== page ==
The Vibraslap can be heard on many rock recordings, including “Crazy Train” by Ozzy Osbourne, “Sweet Emotion” by Aerosmith, “Orange Crush” by R.E.M., and “All Along the Watchtower” by Jimi Hendrix (where it was performed by Brian Jones of The Rolling Stones). 


Chajchas, also referred to as chapchas or uñas (Spanish for “toenails”), are rattles made from the hooves of goats or sheep. This instrument originated in the Central Andes region of South America and is used in the folkloric music of Bolivia, Chile, Colombia, Ecuador, and Peru. The hooves are strung on a loop of fabric, allowing it to be worn as a bracelet or anklet and used in ceremonial dances. 

Chajchas are a mainstay in my palette of sound effects as they make a great hollow rattle sound, reminiscent of rattling bones or even a babbling brook. I like to connect multiple loops together to make a massive cluster, creating an even thicker sound.


The tambourine is a mainstay in rock and pop music, and thus is an important part of my personal percussion arsenal. These jingled frame drums are universal, with histories not only in Western classical music, but also gospel, New Orleans second line, and American folk music. Versions of the instrument can also be found throughout history from around the world, including traditional music in Italy, Greece, Persia, Brazil, Eastern Europe, the Middle East, North Africa, and India. Modern-day tambourines can be played with or without a drumhead, and their frames are made from a variety of materials, including wood or plastic.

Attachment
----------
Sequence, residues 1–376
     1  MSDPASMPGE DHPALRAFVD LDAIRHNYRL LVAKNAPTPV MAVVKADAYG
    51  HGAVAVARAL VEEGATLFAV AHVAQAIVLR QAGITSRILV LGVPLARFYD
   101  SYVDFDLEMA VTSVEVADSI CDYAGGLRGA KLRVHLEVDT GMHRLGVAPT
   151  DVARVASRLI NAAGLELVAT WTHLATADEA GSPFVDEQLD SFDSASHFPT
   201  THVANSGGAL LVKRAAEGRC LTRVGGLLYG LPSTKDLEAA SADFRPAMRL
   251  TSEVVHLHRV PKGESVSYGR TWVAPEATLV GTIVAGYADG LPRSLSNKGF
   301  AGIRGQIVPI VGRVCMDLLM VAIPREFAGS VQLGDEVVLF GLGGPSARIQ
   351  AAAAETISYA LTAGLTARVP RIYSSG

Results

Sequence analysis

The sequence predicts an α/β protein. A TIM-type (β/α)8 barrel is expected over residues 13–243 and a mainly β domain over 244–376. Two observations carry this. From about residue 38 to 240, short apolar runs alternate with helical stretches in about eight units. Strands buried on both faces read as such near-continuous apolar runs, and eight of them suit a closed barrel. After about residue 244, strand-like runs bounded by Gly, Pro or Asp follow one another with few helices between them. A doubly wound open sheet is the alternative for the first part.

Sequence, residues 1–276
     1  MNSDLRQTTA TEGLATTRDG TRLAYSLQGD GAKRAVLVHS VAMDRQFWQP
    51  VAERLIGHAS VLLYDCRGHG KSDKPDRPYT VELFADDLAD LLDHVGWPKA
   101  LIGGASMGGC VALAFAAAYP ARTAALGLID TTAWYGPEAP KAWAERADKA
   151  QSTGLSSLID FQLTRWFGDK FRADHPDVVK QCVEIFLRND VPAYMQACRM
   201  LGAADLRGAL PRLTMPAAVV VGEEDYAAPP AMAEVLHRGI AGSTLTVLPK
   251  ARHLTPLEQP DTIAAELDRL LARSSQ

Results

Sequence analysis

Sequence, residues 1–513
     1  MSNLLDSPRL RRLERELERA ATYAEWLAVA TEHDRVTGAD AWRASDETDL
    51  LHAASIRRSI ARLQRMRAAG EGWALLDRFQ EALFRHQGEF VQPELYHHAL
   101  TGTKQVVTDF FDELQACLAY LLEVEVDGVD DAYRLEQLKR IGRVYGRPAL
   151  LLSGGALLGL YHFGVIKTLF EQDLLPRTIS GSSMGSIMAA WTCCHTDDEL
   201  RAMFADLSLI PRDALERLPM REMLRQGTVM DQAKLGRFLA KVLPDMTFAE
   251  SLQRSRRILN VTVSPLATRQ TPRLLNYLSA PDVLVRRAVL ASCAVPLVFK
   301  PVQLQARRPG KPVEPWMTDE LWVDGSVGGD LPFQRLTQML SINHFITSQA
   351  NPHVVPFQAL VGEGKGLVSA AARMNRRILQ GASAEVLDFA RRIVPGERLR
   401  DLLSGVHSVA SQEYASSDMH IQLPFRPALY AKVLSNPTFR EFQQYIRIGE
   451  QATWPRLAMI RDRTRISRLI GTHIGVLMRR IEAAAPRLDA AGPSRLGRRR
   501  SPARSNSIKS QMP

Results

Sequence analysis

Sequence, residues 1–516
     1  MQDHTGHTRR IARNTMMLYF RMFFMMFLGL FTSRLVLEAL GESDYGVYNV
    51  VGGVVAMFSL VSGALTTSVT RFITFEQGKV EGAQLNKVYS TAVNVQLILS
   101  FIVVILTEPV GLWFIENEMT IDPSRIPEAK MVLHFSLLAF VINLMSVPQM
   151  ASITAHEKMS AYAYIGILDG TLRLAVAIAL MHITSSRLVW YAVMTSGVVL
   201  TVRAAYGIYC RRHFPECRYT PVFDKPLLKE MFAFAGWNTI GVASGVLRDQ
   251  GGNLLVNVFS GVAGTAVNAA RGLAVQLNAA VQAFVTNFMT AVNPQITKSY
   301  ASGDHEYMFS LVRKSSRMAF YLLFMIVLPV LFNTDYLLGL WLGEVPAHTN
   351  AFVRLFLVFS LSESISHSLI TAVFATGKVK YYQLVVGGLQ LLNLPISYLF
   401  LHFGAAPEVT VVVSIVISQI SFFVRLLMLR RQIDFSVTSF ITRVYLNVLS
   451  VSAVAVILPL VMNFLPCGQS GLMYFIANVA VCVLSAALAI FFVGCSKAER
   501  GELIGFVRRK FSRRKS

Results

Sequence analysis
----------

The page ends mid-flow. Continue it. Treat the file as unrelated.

For rock and pop gigs, I try to have several options with me. In situations where I need to really cut through and mark time with precision—such as R&B and pop—I tend to use headless tambourines. The cutting sound of steel or brass jingles striking against a hard plastic frame allows for maximum clarity and articulation.

For classic rock gigs, I like to use headed tambourines. I’m able to slap the drumhead as I would in a gospel or New Orleans second-line situation, but also have a warm jingle sound amplified with some resonance. This makes strikes on backbeats and shaking, especially with ulnar rotation (the arm motion of turning a doorknob, as opposed to shaking from the wrist) much fuller and washier.


Maracas, often played in pairs, are used in many genres of Latin music, especially in the Caribbean. Originally known as tamaracas, these rattles were used in religious ceremonies by indigenous tribes in South America, where gourds filled with pebbles and held by their natural elongated necks were used by shamans and healers in Brazil and in the Andes region. Today, modern versions made of leather, wood, or plastic and attached to wooden handles are used in many genres, from salsa to rock.